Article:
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    I wouldn't feed too much into the hype of this is good, this is bad in AK's. There are different levels of "quality" (chinese polytech's are suppose to be good and the romanian one's are suppose to be bottom of the barrel in fit and finish). The reality is they really aren't that accurate and every AK I've handled from a Romanian (which I owed and loved) to a Maadi Egyptain (also was good to me) to an Arsenal (top of the line in my opinion) all have been reliable and fun. Why spend a grand on an AK when a $400 WASR is going to be just as reliable. Sure, you got a really pretty AK dropping a grand on one and all your shooting buddies will get a hard on over it but it ain't gonna gain you much in reality. Unless you're a contractor or operator going into combat situations where you're potentially going to put your life on the line everyday, I wouldn't worry about it. I would have trusted my life to my beat up romanian WASR for home defense and it was a fun plinker.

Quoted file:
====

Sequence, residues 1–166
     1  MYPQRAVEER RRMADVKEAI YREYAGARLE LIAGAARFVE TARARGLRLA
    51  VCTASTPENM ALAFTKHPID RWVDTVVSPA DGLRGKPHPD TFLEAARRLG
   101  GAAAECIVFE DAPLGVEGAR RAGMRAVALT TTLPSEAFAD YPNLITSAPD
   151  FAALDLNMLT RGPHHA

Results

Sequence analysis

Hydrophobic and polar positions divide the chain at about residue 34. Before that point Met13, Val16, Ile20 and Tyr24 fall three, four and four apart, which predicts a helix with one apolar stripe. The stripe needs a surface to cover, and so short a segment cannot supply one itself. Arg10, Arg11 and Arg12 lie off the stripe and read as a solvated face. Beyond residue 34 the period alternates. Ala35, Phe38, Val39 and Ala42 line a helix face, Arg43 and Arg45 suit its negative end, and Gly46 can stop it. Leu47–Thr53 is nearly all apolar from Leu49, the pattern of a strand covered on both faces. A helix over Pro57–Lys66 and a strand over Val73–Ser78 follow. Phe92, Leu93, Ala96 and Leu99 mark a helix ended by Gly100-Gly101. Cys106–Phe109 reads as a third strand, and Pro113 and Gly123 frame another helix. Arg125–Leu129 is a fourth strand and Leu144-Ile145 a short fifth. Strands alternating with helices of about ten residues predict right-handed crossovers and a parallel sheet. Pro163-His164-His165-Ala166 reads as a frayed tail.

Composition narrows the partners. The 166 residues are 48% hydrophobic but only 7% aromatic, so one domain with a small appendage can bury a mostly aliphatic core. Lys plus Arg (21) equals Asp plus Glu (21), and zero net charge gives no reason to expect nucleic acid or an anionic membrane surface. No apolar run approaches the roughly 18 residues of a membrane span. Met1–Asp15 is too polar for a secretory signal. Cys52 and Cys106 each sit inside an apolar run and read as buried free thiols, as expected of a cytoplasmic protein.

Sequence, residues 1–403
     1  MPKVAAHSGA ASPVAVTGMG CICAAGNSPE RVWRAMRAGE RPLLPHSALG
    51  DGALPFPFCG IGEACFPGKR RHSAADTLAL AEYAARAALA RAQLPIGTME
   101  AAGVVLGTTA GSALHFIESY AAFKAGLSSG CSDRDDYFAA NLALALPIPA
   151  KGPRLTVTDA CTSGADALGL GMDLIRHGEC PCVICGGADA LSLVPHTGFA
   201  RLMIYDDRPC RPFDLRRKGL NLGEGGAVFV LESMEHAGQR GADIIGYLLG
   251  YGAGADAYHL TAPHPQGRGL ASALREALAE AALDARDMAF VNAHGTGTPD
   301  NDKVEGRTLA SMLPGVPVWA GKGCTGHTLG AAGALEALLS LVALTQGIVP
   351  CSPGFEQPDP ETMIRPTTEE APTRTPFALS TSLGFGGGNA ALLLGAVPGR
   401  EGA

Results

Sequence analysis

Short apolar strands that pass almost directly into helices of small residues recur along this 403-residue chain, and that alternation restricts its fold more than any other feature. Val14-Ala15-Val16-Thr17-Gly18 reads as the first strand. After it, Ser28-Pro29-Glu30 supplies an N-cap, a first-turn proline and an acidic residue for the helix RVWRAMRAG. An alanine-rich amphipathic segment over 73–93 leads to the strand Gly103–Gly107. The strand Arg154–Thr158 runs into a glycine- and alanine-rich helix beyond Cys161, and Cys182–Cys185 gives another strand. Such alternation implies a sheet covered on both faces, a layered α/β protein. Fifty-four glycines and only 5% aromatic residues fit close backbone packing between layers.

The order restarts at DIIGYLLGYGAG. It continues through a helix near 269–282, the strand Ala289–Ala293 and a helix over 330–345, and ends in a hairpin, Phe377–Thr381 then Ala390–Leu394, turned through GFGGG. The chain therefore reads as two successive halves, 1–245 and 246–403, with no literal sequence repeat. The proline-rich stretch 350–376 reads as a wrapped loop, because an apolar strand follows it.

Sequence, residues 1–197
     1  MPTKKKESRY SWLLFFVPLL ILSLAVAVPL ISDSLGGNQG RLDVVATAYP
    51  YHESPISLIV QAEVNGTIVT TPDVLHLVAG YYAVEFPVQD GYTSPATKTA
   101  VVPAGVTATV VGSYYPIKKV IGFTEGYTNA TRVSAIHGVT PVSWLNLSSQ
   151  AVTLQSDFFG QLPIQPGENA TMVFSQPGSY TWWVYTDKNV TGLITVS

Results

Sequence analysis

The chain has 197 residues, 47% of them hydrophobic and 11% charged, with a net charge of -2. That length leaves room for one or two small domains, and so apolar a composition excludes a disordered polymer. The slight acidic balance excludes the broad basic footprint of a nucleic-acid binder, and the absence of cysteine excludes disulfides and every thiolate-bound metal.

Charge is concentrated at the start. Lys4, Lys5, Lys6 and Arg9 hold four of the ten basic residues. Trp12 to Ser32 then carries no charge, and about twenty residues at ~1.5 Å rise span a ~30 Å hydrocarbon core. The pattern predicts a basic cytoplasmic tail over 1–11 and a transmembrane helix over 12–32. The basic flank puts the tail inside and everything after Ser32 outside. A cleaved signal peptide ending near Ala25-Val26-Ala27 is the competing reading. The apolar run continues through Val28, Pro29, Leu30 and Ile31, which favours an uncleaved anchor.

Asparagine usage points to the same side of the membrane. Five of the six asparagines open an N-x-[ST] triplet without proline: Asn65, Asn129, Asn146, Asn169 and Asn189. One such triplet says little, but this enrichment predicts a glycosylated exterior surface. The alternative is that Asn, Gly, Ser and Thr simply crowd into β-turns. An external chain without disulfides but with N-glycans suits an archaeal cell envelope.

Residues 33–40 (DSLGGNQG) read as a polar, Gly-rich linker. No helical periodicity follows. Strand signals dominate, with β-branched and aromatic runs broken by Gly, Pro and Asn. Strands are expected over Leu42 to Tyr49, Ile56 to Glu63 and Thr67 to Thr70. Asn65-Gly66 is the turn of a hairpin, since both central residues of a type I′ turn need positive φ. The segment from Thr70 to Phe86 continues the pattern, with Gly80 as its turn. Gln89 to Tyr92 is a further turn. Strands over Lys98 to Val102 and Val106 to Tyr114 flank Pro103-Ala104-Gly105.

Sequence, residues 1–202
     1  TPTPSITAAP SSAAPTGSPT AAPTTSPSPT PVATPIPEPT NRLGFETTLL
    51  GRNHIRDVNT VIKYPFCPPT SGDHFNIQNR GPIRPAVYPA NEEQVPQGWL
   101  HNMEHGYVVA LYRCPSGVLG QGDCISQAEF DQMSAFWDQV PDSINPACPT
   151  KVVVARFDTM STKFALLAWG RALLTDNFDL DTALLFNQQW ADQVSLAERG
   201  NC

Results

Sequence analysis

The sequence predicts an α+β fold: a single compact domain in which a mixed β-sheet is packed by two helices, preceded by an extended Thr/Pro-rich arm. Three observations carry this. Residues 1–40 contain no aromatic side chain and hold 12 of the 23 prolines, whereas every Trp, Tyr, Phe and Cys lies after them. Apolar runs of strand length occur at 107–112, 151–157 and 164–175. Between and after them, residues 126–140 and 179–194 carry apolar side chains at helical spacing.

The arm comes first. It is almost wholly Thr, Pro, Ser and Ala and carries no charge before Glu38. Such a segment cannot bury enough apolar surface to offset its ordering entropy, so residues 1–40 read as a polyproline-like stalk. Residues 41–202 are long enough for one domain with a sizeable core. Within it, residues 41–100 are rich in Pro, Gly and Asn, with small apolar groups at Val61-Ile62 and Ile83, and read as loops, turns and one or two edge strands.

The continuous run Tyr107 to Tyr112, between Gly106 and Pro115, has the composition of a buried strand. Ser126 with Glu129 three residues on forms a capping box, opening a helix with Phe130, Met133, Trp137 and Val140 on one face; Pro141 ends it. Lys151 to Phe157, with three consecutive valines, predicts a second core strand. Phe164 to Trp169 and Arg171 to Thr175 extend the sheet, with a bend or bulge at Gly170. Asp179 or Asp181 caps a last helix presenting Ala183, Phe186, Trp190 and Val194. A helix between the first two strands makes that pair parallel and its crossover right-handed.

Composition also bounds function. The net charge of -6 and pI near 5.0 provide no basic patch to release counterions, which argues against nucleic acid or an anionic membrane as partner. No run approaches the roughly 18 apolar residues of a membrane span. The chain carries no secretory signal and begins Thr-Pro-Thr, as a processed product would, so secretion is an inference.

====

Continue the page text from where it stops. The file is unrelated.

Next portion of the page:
6. VWguy69

    VWguy69 Forest Grove, oryGUN New Member

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    SWEET!.... I was hoping that I didn't have to spend $700-$1000 on one, I just want it to mess around with.... until the zombies come anyway;):cool:
     
  7. OFADAN

    OFADAN Brownsville, OR Well-Known Member

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    Apparently my message got lost in the tome! No you do not need to spend a fortune. Just about any AKM is going to be a keeper. The lesser the quality the more issues you have particularly with the trigger. We have one at OFA that is a cheapy...the trigger reset actually hurt your finger. It took about 15 minutes to fix it and it works as well as the higher end AKMs. You should find a dandy for under $1000 as long as you stick with a standard AKM like you can find from Atlantic Firearms.
     
  8. VWguy69

    VWguy69 Forest Grove, oryGUN New Member

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    no, I heard ya.....lol I have no problems tinkering or upgrading the trigger at a later date... it's just easier to get my wife to "agree" if I start with a $500-$600 gun. Heck!... I don't even got to spend $1000 on a car.....lol